Reviewed by Jeanne
A young man in a Gentlemen’s Club in England makes the acquaintance of Sir James Monmouth, an older member who asks that he read a manuscript about certain events in Sir James’ life. This request comes about after a discussion among some of the younger members regarding ghosts. Most of the rest of the book is the manuscript, a first person narrative by Sir James about an experience in his youth. As the story begins, Monmouth is newly arrived in England after being reared abroad by a guardian. He’s traveled in many exotic lands, but the death of his guardian has left him in want of direction. Accordingly, he has come to London in search of material on the mysterious Conrad Vane, a travel writer whose adventures excited young Monmouth’s imagination. He has been able to find very little in the way of autobiographical information on Vane, so he hopes to find enough to write an article or perhaps a book on the man.
His inquiries about Vane seem to draw uneasy responses from those who knew of him, but the fascination remains strong and he sets off for a school Vane attended. He is cordially received but instead of answers he seems to find more questions. Vane seems as elusive as ever. Then he begins to experience a series of somewhat unsettling events. . . glimpses of a pale young boy, sounds of sobbing from an unknown source, and strange dreams—or are they dreams?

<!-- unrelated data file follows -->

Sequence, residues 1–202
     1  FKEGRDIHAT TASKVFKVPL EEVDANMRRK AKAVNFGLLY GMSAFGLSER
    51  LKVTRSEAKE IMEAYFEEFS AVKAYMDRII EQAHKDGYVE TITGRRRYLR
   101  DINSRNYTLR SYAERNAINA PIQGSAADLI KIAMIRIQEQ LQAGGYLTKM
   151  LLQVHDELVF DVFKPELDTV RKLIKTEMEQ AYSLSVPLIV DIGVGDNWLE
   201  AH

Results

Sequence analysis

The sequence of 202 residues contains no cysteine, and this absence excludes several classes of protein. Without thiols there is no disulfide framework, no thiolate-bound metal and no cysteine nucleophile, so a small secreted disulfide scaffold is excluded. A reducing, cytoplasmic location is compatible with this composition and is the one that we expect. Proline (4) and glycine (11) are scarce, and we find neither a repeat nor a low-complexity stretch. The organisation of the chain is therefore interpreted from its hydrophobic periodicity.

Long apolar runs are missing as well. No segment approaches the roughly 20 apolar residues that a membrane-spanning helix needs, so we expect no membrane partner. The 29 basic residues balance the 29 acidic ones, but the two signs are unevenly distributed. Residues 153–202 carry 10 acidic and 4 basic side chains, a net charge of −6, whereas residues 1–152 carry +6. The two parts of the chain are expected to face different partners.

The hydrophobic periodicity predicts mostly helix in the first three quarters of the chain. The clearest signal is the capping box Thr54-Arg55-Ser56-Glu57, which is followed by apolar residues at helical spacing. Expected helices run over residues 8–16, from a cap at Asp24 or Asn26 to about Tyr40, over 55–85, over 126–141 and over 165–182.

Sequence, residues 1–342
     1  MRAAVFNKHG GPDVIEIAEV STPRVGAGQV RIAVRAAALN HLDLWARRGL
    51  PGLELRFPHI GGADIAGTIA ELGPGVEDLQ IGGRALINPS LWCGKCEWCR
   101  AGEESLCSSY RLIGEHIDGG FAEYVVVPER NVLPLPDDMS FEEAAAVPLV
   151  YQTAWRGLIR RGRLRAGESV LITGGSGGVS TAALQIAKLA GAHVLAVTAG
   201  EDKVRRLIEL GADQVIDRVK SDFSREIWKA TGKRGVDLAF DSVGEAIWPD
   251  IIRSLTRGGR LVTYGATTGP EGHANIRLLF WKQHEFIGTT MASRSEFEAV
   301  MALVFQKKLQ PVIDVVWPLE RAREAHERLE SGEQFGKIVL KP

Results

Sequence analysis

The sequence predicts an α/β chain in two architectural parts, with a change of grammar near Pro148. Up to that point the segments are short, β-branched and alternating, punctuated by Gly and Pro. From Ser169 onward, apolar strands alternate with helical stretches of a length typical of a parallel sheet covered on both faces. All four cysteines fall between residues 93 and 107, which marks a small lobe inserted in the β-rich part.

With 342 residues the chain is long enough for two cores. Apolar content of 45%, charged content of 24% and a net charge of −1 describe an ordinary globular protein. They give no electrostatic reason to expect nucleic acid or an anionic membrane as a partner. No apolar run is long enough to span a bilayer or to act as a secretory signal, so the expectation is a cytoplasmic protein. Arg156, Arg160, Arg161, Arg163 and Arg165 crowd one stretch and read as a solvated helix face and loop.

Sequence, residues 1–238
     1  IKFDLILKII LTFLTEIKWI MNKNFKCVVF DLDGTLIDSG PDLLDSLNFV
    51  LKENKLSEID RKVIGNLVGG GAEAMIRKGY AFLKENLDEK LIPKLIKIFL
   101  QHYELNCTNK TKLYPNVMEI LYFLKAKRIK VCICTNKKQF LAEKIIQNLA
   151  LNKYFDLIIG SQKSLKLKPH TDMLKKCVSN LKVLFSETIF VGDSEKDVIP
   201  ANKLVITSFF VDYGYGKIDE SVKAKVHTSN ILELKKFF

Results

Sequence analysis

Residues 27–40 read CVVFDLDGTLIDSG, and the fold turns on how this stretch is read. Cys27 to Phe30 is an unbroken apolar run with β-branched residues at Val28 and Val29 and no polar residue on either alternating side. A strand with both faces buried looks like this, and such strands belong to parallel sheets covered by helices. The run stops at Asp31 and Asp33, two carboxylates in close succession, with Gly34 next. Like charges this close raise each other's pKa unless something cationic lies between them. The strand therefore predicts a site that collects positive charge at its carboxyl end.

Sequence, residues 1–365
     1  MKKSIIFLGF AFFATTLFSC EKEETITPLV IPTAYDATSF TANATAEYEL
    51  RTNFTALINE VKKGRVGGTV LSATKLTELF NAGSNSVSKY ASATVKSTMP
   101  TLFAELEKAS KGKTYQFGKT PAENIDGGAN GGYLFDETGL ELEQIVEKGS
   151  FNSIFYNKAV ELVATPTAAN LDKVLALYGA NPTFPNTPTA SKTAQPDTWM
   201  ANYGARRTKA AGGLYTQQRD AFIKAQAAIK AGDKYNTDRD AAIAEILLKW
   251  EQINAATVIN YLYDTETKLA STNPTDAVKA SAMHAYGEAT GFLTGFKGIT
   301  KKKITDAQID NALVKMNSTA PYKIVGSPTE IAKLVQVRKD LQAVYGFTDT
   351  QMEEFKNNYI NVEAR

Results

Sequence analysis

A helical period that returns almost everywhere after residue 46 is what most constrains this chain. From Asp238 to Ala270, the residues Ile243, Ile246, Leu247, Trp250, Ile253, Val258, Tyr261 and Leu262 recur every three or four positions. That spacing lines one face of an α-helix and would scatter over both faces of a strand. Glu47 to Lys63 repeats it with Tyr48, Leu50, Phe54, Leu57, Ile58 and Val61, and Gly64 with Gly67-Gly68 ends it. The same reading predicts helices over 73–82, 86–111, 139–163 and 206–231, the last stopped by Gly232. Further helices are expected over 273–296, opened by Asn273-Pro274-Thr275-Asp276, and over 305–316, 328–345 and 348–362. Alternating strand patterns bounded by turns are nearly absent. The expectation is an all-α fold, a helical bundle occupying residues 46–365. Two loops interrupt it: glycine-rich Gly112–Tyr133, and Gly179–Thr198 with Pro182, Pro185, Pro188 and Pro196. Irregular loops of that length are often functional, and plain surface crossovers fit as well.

Hill wrote the (to my mind!) classic Woman in Black, and this book reminds me very strongly of that title, as it uses a similar framing sequence for the main story and is written as if it were a Victorian memoir. Also like that title, the book doesn’t wrap things up in a neat little package at the end. There’s a lot to ponder and things alluded to but no cut and dried resolution. This is not a complaint. I rather prefer it to easy answers, especially given the subject matter. After all, the supernatural is all about mysteries and questions, not certainties. Her characters are memorable, even those playing small roles, and the settings are extremely vivid.
If you’re not in the mood for long, descriptive sentences or if you’re hankering for action, this isn’t the book for you. On the other hand, if you like lots of atmosphere, dank halls and meager fires, strange weeping in the night and fevered dreams, mahogany tables and baize doors, then this might just be your cup of Earl Grey. I must say it cooled down my perception of a humid July day quite nicely, what with the snow and cold winds beating against windows. I almost got out a quilt.
(Yes, I had to look up to see what a “baize door” was. Apparently at one point doors were covered with cloth to help soundproof them; green baize is often used on gaming tables, such as those for blackjack or billiards.)